- Johann Strauss. Komische Operette in three acts. 1874.
- Libretto by Carl Haffner and Richard Genée, after Le réveillon
(The Midnight Supper) by Henri Meilhac and Ludovic Halévy.
- First performance at the Theater an der Wien, Vienna, on 5th April 1874.
|Gabriel von Eisenstein ||tenor|
|Rosalinde, his wife ||soprano|
|Alfred, a singer, her lover ||tenor|
|Dr Falke, friend of Eisenstein ||baritone|
|Prince Orlofsky ||mezzo-soprano|
|Frank, governor of the prison ||baritone|
|Adele, Rosalinde's maid ||soprano|
|Ida, her sister ||soprano|
|Dr Blind, Eisenstein's lawyer ||tenor|
|Yvan, Prince Orlofsky's valet ||speaking part|
|Frosch, a gaoler ||speaking part|
Eisenstein is due to report to prison, having defaulted on his taxes. He is induced, however, to
attend a fancy-dress party at Prince Orlofsky's, by his friend Dr Falke, who plans revenge for having
been abandoned on a previous occasion to go home in his costume of a bat. Eisenstein's wife takes
the opportunity of his absence for an assignation in her house with Alfred, who is mistaken by Frank,
the prison governor, for her husband and taken to prison. Adele has sought various excuses for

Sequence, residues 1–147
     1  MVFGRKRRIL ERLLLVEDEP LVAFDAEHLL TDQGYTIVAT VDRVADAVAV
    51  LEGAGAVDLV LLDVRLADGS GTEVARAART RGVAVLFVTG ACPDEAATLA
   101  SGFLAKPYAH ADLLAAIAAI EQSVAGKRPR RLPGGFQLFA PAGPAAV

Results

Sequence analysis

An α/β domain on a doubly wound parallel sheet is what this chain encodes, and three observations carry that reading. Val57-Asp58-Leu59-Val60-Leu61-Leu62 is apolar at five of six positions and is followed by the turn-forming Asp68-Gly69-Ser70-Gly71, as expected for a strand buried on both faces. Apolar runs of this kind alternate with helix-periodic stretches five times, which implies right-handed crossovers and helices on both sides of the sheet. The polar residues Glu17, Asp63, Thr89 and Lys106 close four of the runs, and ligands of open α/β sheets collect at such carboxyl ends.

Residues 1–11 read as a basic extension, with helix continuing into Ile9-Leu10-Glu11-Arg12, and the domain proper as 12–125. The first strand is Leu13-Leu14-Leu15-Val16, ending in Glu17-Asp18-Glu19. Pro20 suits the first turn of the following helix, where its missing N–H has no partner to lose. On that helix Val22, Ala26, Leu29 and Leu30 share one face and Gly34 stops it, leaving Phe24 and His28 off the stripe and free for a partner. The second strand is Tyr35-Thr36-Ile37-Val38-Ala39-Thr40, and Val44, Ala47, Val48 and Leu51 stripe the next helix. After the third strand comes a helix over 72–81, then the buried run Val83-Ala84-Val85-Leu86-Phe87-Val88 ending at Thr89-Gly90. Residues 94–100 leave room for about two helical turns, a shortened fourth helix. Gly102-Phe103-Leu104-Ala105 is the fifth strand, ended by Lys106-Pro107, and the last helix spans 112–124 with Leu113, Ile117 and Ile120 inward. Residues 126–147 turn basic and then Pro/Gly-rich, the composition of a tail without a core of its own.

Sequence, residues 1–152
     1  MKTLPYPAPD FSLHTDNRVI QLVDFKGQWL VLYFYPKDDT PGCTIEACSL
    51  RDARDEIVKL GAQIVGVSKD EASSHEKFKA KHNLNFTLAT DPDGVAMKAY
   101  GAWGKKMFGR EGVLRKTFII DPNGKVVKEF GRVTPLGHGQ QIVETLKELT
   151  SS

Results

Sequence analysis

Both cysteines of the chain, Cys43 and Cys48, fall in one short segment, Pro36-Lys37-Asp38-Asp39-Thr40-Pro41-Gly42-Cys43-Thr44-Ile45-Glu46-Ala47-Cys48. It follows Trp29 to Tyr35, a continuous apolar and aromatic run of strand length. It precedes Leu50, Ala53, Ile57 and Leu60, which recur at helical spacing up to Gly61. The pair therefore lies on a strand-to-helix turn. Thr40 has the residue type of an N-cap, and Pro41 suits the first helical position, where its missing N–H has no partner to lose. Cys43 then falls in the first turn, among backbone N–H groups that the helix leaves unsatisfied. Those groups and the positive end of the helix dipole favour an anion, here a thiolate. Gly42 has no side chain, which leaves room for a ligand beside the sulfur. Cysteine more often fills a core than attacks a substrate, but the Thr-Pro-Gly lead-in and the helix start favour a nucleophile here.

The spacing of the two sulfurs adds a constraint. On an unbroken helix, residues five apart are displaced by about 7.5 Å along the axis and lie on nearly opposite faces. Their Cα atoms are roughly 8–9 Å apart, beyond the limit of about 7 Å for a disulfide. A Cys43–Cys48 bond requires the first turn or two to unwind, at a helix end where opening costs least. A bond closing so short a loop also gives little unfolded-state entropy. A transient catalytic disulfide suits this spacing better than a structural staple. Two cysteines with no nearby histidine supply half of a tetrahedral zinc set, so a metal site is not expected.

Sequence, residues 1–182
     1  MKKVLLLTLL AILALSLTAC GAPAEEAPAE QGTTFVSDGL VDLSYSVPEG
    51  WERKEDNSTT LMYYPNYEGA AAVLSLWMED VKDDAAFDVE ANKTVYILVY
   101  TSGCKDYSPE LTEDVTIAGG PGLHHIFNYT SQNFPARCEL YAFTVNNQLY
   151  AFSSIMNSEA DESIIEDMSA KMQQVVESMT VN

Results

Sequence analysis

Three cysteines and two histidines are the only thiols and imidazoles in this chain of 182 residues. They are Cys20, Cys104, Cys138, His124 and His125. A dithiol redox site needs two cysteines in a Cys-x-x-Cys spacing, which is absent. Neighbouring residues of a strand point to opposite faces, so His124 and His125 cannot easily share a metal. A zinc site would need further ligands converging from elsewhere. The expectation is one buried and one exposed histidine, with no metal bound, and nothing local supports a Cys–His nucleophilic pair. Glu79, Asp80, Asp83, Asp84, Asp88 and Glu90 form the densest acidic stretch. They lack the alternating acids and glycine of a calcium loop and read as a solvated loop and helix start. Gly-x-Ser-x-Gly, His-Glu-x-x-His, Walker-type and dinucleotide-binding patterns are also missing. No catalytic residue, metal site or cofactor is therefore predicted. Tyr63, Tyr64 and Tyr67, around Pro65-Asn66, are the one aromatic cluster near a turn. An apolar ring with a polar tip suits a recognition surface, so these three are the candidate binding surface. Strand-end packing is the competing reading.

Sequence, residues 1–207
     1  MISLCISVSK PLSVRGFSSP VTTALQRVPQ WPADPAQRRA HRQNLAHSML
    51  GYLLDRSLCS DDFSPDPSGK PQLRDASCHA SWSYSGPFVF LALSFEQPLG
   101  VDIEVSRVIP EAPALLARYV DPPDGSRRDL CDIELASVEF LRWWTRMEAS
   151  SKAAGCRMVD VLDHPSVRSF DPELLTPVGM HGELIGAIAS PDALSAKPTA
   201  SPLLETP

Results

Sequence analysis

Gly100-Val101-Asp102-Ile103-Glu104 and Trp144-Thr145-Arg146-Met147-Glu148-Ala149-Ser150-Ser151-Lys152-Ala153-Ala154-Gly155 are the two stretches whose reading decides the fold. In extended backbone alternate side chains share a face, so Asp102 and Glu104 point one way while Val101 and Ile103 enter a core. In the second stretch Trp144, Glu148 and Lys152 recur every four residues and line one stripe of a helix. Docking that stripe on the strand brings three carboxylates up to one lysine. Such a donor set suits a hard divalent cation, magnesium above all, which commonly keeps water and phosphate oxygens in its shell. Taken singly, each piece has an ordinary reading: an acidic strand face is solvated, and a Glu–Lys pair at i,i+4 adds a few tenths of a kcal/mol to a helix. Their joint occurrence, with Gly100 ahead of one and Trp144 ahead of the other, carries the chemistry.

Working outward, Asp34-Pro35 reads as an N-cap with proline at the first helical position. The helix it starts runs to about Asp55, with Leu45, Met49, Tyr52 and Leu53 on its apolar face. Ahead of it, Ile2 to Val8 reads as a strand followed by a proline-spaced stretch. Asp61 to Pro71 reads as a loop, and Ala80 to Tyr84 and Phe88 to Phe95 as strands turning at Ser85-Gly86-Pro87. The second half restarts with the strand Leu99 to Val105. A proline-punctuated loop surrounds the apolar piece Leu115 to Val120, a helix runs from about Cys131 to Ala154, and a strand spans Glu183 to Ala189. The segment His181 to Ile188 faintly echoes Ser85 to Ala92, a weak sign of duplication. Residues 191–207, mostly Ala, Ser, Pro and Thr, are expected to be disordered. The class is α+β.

taking time off and in a borrowed dress attends Prince Orlofsky's party, where Rosalinde also
appears, disguised as a Hungarian countess. In a play of disguises and partly mistaken identities
Eisenstein flirts with his own wife and toasts, under the guise of the Marquis Renard, the prison
governor Frank, introduced as the Chevalier Chagrin. They leave together, Eisenstein now
intending to report to the prison. There the gaoler Frosch has drunken objections to the singing of
Alfred. Adele and her sister, who have dramatic ambitions, seek Frank's help in furthering their
stage careers, while Eisenstein, who now arrives, cannot persuade Frank at first of his identity and
when he learns that the supposed Eisenstein is already in prison is suspicious of Rosalinde.
Disguised as his lawyer Dr Blind, he cross-examines Rosalinde and Alfred, but she retaliates, when
he reveals his identity, by producing Eisenstein's watch, which the supposed Hungarian countess
had received from him at Prince Orlofsky's. Falke admits his part in the plot, Rosalinde and Alfred
claim their assignation as a part of it, and all ends in apparent satisfaction.
The operetta starts with a sparkling overture, with tunes from the last act and then the Fledermaus
waltz of the second act party. Adele's laughing song, Mein Herr Marquis (My lord marquis) in
which she rejects Eisenstein's suggestion and her true identity, and her delightful display of varied
acting ability, Spiel'ich die Unschuld (I play the innocent) to Frank are often heard. Rosalinde’s
Hungarian Czárdás, Klänge der Heimat (Sounds of my own country) is all too convincing, while the
song of friendship, Brüderlein und Schwesterlein (Little brothers and sisters), as the party reaches a
climax, is among the most memorable of all numbers in the best of all Viennese operettas.